This happened to at least two of the Uighurs, Anwar Hassan and Hammad Mohammed, but others were among the lucky 38 who were found to be "No Longer Enemy Combatants" after the CSRTs, and five of these men were finally released in May 2006, when Albania stepped forward as the only country in the world prepared to risk the wrath of China by giving the men a new home -- albeit one with no Uyghur community, no work prospects, and no chance for them to ever be reunited with their families.

While these men struggled to survive in Albania, the other Uighurs -- who were all eventually cleared for release after further review boards -- remained in severe isolation in Guantanamo. Like the majority of other cleared prisoners from human rights-abusing regimes (including Algeria, Libya, Tunisia and Uzbekistan), few of the men were held in Camp 4, the only block that allowed the prisoners to share dorm-like facilities, and the majority continued to be held in maximum security cellblocks for 22 to 23 hours a day, prohibited from meeting each other and with little, if any outside stimulation to break the corrosive monotony of their existence, or their fears that they would never be released or would, in fact, be returned to China.

Empty evidence

This impasse was finally broken in June, after the Supreme Court, dismayed that the habeas rights it had granted the prisoners in 2004 had been removed in subsequent legislation, stamped its authority by ruling that the prisoners had constitutional habeas rights. This unblocked a queue of contested habeas cases that had been on hold pending the Supreme Court's ruling, and when the first of the cases, Parhat v. Gates, reached the Court of Appeals in Washington, the judges' explosive ruling led directly to Judge Urbina's historic ruling on Tuesday.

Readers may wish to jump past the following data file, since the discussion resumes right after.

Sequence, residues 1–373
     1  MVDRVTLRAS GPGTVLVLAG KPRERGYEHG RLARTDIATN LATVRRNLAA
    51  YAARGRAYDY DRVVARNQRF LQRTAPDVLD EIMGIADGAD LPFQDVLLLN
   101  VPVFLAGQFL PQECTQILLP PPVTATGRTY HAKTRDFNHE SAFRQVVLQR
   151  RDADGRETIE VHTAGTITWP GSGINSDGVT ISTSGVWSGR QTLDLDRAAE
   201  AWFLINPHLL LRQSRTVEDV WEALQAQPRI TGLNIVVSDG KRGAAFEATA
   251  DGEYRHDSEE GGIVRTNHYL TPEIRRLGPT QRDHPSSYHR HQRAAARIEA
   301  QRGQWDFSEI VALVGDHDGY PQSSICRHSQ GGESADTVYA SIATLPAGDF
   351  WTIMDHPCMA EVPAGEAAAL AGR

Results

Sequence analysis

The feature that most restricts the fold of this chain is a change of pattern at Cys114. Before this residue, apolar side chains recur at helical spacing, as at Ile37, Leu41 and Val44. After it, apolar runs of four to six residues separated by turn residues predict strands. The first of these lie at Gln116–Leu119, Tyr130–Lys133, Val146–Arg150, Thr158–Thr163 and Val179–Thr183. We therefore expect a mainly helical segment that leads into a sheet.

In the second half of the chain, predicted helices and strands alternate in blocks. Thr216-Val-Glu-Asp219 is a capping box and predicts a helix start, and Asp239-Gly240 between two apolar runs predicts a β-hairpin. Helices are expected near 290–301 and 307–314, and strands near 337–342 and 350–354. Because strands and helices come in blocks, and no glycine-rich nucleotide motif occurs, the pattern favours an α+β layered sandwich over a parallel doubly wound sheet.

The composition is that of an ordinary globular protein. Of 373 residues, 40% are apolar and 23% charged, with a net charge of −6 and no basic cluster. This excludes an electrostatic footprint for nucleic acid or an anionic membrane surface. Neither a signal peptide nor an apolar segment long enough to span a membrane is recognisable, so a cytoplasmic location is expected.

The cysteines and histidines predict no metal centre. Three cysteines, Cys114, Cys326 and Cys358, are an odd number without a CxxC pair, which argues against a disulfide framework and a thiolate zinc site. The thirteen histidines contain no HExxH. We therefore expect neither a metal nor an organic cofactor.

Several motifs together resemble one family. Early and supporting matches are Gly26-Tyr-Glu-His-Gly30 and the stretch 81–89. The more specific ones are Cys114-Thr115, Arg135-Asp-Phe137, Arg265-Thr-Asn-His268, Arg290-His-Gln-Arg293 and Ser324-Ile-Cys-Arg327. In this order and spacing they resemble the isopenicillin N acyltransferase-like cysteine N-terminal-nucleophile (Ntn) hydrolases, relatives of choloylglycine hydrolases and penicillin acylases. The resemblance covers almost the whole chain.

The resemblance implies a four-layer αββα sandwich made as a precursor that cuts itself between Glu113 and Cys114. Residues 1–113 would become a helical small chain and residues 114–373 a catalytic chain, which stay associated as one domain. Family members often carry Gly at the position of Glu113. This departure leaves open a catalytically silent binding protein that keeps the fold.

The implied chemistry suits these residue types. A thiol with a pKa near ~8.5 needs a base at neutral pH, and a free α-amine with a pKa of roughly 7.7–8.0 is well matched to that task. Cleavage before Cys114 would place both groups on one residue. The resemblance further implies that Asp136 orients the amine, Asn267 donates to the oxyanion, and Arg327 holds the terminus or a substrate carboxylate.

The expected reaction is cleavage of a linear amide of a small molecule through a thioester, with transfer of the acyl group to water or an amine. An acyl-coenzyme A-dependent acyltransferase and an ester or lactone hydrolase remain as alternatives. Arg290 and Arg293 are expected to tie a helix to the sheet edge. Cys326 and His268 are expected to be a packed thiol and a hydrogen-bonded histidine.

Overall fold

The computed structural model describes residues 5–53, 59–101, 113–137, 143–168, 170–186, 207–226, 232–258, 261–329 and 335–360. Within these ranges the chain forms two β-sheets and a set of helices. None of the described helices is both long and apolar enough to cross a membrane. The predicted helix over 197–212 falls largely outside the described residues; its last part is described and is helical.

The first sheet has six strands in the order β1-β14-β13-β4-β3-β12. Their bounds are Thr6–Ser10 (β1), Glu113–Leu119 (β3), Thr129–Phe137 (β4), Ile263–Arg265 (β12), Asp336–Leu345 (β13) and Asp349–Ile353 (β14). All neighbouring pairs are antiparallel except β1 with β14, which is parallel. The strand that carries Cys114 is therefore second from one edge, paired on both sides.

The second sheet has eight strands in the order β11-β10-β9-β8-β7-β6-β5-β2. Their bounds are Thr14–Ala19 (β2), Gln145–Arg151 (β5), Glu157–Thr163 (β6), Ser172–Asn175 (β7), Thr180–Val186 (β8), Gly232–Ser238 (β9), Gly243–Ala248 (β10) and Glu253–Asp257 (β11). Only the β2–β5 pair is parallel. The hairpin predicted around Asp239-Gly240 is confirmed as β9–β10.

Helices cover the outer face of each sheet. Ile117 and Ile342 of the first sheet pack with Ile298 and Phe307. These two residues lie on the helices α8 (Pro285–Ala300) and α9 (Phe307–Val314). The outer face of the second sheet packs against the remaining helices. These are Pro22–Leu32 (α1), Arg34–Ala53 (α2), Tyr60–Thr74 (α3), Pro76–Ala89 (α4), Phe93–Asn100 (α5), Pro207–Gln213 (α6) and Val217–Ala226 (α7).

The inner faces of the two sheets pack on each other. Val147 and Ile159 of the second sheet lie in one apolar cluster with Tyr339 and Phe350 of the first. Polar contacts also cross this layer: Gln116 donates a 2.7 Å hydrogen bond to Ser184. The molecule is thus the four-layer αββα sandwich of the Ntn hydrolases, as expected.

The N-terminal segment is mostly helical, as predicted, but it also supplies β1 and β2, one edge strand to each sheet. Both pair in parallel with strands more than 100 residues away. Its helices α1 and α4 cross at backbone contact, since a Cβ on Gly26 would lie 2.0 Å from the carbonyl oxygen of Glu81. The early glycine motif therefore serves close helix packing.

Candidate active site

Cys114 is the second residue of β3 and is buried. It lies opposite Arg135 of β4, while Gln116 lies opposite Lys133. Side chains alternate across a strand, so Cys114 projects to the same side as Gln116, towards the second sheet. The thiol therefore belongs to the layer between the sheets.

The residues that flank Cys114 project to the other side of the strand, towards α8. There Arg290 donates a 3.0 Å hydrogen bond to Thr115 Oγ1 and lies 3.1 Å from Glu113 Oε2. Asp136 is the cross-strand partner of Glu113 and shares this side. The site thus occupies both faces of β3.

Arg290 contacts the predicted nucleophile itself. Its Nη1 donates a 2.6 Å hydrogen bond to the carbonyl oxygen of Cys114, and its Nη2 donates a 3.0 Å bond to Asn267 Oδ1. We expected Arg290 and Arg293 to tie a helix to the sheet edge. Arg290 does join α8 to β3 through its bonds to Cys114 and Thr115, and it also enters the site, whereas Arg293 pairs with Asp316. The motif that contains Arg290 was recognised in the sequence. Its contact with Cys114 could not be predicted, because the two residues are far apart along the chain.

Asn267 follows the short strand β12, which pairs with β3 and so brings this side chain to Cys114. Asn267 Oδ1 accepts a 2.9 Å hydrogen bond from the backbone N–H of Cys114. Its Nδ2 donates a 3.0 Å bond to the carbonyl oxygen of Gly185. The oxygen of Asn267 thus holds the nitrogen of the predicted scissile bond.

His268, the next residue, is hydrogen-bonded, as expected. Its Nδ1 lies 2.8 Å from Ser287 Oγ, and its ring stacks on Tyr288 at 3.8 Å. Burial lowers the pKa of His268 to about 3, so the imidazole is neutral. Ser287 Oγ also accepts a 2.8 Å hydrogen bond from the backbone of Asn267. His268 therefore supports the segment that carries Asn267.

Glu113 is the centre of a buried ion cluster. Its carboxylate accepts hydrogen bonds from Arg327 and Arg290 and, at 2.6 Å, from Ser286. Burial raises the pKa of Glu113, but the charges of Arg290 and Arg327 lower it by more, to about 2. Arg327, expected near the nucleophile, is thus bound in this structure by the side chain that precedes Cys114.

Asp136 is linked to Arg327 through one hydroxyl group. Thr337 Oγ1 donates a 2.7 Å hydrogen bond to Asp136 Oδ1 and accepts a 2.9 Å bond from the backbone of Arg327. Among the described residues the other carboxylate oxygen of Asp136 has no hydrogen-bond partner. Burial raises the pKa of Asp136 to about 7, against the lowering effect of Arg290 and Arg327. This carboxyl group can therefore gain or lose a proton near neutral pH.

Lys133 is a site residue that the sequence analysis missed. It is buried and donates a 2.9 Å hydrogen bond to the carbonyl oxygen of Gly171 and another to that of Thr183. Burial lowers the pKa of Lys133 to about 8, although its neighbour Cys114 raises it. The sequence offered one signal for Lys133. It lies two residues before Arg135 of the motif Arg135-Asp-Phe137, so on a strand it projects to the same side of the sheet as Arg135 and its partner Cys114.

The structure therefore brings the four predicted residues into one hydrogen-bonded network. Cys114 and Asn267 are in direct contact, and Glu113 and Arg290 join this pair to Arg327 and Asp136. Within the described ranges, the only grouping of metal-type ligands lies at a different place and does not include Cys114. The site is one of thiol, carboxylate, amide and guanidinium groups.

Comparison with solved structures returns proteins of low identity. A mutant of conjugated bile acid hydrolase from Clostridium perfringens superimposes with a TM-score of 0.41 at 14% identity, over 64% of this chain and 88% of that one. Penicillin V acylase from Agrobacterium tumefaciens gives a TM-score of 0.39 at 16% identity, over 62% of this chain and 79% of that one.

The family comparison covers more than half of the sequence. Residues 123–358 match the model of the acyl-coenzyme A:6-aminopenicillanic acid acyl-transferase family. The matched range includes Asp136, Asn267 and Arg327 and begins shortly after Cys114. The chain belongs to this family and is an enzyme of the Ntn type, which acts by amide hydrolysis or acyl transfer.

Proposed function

The three Appeal Court judges -- noticeably, two Conservatives and a Liberal -- ruled that the CSRT's decision that Huzaifa Parhat, one of the Uighurs, was an "enemy combatant" was "invalid," and "directed the government to release or transfer" him (or to hold a new tribunal "consistent with the Court's opinion"). In a savage denunciation of the CSRT decision, they lambasted the government for the flimsy and unsubstantiated allegations and associations it used to conclude that Parhat was an "enemy combatant," and in a memorable passage compared the government's argument that its evidence was reliable because it was mentioned in three different classified documents to a line from a nonsense poem by Lewis Carroll, the author of Alice's Adventures in Wonderland. As Chief Judge Merrick B. Garland explained, "Lewis Carroll notwithstanding, the fact the government has 'said it thrice' does not make an allegation true."